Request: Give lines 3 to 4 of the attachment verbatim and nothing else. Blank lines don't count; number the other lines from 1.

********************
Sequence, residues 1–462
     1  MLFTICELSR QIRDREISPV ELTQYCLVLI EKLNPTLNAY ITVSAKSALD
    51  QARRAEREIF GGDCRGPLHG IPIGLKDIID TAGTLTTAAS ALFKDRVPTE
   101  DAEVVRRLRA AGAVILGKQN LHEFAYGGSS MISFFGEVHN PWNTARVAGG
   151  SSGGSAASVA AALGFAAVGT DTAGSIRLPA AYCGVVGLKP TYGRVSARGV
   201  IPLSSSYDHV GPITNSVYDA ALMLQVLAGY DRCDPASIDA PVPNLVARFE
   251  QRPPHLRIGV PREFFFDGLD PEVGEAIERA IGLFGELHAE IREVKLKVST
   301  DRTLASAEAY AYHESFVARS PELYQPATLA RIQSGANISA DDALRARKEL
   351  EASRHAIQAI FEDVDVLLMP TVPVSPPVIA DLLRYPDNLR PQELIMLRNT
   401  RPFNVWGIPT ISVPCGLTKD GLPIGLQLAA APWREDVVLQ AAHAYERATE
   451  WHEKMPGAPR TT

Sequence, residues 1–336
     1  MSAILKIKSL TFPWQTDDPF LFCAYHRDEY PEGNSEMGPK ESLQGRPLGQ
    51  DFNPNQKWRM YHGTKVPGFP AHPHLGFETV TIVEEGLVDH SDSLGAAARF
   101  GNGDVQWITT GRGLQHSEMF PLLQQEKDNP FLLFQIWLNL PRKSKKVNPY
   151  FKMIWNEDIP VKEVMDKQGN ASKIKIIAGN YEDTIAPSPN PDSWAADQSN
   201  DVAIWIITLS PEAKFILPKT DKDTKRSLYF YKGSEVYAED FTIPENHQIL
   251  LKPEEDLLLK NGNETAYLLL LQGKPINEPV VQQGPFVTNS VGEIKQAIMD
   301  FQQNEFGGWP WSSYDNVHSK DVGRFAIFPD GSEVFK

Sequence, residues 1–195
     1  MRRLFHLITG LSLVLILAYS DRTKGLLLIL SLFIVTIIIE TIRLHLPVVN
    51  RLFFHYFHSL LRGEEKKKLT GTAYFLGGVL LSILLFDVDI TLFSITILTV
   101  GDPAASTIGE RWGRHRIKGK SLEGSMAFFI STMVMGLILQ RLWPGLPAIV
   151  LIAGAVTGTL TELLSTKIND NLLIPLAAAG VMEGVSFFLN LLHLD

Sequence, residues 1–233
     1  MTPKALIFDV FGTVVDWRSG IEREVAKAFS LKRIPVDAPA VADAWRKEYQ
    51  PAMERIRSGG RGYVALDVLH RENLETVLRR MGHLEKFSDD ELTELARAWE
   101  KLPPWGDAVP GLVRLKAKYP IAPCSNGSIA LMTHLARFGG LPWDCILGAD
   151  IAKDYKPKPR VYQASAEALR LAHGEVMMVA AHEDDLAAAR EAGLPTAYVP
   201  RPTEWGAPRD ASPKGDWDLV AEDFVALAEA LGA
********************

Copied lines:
    51  QARRAEREIF GGDCRGPLHG IPIGLKDIID TAGTLTTAAS ALFKDRVPTE
   101  DAEVVRRLRA AGAVILGKQN LHEFAYGGSS MISFFGEVHN PWNTARVAGG